It came at the start of the long-awaited public inquiry into his death on May 3, 2015.
Mr Bayoh was 31 years old when he died in police custody after being restrained by police on Hayfield Road.
Since then his family have campaigned to know what happened.
They were joined by supporters in Festival Square on Tuesday, ahead of the opening of the rare, judge-led public inquiry into the circumstances surrounding his death, and the investigations following it.
Headed by Lord Bracadale, it will also look at the impact of race during the hearings amid claims from the family that it played a part in his death.
Ahead of the opening day, the family’s lawyer, Aamer Anwar . issued a statement.
He said Mr Bayoh’s loved ones have waited a "very long time" to hear the truth.
He continued: "The public inquiry will finally commence seven years and seven days after Sheku Bayoh died in police custody, and two years since the former Lord Advocate advised the Bayoh family that not one police officer would face charges for his death.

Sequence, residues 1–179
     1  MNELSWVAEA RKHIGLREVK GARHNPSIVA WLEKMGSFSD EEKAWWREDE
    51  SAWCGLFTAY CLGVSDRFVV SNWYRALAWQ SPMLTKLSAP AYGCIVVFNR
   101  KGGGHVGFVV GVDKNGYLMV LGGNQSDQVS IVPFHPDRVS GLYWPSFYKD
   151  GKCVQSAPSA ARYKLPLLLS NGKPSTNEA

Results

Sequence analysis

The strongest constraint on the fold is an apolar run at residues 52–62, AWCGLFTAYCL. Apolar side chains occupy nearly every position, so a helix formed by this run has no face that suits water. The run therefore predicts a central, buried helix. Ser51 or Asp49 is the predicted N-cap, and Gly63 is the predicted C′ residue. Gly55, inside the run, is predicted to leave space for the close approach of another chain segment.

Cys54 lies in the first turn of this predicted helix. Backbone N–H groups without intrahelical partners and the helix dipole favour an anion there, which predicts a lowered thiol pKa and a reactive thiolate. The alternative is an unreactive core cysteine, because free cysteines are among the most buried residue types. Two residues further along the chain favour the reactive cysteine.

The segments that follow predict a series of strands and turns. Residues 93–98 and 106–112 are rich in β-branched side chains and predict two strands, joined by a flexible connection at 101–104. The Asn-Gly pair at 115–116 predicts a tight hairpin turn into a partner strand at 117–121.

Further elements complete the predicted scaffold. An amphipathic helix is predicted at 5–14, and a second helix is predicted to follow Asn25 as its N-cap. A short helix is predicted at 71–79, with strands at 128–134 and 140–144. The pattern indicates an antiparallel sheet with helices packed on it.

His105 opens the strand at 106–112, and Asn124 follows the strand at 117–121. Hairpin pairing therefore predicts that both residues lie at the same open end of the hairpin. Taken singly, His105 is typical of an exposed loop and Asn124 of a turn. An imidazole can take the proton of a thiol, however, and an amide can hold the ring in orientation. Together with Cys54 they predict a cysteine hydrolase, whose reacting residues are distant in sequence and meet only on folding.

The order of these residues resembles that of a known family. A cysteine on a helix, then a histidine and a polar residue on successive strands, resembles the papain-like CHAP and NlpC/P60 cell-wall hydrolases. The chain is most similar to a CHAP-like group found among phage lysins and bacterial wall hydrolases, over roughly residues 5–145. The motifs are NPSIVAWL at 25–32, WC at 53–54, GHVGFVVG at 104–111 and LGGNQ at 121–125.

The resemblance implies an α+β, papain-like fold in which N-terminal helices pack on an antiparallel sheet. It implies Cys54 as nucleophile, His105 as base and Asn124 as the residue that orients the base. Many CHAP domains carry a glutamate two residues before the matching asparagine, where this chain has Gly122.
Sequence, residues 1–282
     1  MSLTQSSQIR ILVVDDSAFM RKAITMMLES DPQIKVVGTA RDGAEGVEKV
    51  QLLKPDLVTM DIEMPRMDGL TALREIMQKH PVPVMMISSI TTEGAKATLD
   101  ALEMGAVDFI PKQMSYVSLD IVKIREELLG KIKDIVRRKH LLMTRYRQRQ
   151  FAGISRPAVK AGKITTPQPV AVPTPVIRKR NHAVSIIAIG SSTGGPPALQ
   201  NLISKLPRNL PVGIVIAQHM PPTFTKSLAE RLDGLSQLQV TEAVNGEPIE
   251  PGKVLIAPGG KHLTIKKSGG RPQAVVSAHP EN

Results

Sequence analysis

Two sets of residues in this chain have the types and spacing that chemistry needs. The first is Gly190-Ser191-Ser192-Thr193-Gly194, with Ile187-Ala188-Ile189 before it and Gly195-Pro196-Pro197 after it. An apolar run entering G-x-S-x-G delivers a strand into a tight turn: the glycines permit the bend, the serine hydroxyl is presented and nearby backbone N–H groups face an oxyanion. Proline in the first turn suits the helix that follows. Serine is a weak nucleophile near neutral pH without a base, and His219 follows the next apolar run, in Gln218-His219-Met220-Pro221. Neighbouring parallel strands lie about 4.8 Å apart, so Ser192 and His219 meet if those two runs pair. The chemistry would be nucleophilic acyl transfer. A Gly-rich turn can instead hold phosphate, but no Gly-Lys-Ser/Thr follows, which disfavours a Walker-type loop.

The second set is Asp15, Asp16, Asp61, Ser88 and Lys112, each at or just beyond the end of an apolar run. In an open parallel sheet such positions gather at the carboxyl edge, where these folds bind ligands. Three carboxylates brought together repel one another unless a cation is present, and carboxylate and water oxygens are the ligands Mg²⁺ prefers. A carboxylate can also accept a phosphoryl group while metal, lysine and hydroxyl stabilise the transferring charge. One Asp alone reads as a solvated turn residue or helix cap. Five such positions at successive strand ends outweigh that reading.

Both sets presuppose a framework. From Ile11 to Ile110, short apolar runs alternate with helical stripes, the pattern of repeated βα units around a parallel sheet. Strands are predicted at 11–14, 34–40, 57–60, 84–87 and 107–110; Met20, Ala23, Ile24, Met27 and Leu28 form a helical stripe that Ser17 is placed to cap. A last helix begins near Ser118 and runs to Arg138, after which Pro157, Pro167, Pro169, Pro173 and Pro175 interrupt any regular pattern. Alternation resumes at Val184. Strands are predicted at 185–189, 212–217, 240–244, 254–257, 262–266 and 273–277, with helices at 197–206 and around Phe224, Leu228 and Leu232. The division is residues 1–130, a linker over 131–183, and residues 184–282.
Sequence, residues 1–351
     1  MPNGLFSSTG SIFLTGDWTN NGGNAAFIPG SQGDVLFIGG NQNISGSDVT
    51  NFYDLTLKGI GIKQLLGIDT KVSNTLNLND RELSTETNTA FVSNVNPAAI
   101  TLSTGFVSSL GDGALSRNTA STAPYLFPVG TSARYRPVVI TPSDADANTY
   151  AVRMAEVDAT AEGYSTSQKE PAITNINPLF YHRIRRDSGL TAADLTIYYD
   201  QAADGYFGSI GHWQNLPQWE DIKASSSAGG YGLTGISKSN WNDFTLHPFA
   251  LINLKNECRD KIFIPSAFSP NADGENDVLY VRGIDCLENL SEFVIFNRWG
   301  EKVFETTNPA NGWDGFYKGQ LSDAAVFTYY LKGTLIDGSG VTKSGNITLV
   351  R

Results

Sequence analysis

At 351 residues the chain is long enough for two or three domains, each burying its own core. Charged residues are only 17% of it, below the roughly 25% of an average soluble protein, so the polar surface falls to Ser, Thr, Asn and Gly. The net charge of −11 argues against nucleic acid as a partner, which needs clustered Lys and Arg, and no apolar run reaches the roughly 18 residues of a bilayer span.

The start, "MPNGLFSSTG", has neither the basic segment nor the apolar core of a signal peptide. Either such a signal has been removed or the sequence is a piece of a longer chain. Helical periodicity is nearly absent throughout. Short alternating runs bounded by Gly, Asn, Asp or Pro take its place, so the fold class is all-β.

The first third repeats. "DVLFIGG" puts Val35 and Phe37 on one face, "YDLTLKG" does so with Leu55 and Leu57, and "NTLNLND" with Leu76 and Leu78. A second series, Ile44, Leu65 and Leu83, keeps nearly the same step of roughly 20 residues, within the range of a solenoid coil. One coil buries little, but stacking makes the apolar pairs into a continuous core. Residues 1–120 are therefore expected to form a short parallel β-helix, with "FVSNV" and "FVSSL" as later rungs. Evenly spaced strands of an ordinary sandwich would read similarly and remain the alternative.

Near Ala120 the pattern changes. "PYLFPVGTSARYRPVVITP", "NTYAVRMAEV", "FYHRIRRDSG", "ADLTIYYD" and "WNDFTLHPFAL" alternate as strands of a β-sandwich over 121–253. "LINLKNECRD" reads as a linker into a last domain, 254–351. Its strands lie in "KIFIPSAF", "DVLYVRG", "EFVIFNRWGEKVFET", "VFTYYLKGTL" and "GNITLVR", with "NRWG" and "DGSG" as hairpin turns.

"Sheku's family believe they were failed by those who have a duty to protect the public and uphold the law."
Deborah Coles, director of the justice charity Inquest, who has been working with the family, said: "This inquiry must be a watershed moment for Scotland in examining issues around institutional racism, police restraint practices and the flawed systems for responding to deaths.
"This is both in the family and public interest and in the hope that future deaths are prevented."